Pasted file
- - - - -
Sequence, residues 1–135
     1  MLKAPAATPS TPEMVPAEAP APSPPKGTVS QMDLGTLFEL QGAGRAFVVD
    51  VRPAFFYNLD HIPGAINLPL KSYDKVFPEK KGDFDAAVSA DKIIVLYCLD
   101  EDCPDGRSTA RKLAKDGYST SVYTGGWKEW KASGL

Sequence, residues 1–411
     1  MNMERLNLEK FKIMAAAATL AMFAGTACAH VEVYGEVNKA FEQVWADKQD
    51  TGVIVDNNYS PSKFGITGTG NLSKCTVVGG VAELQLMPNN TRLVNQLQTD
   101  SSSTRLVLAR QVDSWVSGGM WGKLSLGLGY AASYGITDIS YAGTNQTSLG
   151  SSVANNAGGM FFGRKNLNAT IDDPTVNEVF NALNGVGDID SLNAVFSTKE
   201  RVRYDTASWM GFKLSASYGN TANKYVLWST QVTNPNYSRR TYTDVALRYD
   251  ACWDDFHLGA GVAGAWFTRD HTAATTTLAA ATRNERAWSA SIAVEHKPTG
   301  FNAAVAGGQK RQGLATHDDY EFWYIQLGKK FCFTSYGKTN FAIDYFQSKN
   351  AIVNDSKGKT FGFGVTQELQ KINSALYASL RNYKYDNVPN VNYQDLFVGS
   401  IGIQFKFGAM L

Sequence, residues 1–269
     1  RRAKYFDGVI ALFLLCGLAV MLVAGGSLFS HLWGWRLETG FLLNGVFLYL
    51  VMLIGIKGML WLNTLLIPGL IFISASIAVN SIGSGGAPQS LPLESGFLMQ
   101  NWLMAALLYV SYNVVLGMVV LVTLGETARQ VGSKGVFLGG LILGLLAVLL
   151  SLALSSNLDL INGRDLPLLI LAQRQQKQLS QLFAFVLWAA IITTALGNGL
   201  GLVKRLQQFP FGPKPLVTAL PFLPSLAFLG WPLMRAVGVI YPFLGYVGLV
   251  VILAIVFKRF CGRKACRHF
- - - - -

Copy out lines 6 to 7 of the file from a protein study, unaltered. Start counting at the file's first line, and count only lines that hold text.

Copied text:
     1  MNMERLNLEK FKIMAAAATL AMFAGTACAH VEVYGEVNKA FEQVWADKQD
    51  TGVIVDNNYS PSKFGITGTG NLSKCTVVGG VAELQLMPNN TRLVNQLQTD